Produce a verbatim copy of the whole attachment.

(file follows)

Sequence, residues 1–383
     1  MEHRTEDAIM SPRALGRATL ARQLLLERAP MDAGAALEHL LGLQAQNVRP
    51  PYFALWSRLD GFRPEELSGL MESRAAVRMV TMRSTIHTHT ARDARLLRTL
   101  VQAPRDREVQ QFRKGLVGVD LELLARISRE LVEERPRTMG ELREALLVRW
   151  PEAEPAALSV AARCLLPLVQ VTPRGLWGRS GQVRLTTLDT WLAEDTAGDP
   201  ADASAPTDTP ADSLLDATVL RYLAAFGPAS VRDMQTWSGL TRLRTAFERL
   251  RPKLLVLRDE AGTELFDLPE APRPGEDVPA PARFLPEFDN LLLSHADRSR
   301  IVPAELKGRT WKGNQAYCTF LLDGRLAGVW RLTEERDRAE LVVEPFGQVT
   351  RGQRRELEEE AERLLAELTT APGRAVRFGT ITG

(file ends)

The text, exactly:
Sequence, residues 1–383
     1  MEHRTEDAIM SPRALGRATL ARQLLLERAP MDAGAALEHL LGLQAQNVRP
    51  PYFALWSRLD GFRPEELSGL MESRAAVRMV TMRSTIHTHT ARDARLLRTL
   101  VQAPRDREVQ QFRKGLVGVD LELLARISRE LVEERPRTMG ELREALLVRW
   151  PEAEPAALSV AARCLLPLVQ VTPRGLWGRS GQVRLTTLDT WLAEDTAGDP
   201  ADASAPTDTP ADSLLDATVL RYLAAFGPAS VRDMQTWSGL TRLRTAFERL
   251  RPKLLVLRDE AGTELFDLPE APRPGEDVPA PARFLPEFDN LLLSHADRSR
   301  IVPAELKGRT WKGNQAYCTF LLDGRLAGVW RLTEERDRAE LVVEPFGQVT
   351  RGQRRELEEE AERLLAELTT APGRAVRFGT ITG